DOZENS of charities and community groups working with vulnerable and disadvantaged people have spoken of their dismay after been told to get out of an east Durham office building.

Tenants of Lee House in Peterlee, who have enjoyed rent-free premises through the charity Centric Community Projects for more than two years, have been told to vacate the premises by December 31.

They have branded move as Dickensian and have appealed for a meeting with the owners, who have not been named, to discuss getting more time to find alternative premises.

Joanne Fearn, chief executive of Gateway North East said: “We are really grateful for having had the offices rent-free for so long - it has meant we have had stability and have managed to grow.

“But the timing with Christmas coming - and without warning - up is a major problem.

“We work with children and young people and their families who affected by disabilities and learning difficulties.

“We have holiday schemes running throughout the region over Christmas and will be delivering thousands of Christmas presents to children at hospitals. The impact is going to be massive.

“If we could have a little more time, so we can make other arrangements.”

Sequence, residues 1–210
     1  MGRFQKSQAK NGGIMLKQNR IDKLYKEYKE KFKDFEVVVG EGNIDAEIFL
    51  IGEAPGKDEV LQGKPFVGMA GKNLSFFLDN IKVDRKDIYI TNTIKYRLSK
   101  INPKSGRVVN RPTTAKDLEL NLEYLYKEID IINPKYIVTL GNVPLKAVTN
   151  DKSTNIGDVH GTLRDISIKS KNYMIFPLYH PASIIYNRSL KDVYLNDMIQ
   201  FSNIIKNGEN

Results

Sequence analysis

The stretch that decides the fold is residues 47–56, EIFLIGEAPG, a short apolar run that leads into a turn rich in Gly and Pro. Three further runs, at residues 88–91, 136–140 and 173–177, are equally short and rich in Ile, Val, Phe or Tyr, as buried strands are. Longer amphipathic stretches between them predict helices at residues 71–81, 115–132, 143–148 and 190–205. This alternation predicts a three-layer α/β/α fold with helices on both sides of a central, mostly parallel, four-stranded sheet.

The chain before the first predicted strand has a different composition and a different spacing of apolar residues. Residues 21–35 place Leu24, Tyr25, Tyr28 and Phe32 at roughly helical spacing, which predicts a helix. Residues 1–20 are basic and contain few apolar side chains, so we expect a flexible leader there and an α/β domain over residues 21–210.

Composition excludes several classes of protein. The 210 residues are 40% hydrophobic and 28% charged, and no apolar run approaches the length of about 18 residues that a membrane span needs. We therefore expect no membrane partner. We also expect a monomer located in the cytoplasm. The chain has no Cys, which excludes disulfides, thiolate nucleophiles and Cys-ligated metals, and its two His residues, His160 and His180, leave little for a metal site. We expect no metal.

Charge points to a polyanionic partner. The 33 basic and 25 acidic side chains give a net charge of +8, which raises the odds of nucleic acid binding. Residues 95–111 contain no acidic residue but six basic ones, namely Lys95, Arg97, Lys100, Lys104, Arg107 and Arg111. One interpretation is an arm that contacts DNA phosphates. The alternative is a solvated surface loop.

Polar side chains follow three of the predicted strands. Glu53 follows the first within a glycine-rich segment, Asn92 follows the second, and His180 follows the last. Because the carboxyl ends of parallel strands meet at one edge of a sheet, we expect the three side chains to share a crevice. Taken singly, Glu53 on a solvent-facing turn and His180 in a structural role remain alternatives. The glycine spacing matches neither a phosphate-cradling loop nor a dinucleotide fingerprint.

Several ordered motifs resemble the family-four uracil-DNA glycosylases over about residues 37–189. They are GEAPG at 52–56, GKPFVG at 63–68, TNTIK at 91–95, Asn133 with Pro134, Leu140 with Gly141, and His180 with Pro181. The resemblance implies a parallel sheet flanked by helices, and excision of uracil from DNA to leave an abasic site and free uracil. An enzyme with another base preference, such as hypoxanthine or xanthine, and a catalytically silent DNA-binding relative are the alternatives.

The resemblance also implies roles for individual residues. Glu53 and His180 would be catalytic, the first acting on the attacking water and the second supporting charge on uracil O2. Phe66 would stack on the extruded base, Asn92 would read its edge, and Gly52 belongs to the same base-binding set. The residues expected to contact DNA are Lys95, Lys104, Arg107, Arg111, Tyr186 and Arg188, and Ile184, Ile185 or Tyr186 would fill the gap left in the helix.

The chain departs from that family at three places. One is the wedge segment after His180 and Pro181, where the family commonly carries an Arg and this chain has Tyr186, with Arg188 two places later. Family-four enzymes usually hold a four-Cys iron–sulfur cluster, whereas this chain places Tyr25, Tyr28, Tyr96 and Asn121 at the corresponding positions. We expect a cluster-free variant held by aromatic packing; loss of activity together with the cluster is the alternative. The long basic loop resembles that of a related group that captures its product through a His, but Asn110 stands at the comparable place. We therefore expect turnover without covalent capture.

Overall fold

Alan Sill, editor of NOW East Durham and NOW FM, which provides web design and journalism courses for unemployed young people, said: “We are appealing to the owners to come forward so we can meet and discuss getting some sort of extension.”

Centric Community Projects chief executive Julie Ion said: “We were granted a lease on Lee House in August 2013 by the landlord.

“Since then we have been able to accommodate charities and community organisations within the building at no cost to them.”

The basis of the arrangement with the landlord and consequently the occupiers, was that the use of the building was given for free on condition that notice could be given to vacate within 30 days, she said.

She added: “We have learnt via our agents that the landlord intends to sell the building since it does not fit their portfolio, which comprises industrial buildings. This decision has been reached due to the high cost of keeping the building in use - in excess of £80,000 per annum.

“It saddens us to lose premises, but unfortunately that is the nature of what we provide and how we have been able to help over 600 charities nationwide.”

Any landlords with vacant property in Peterlee or nearby to offer to charities, is urged to contact Ms Ion on 01908 667750.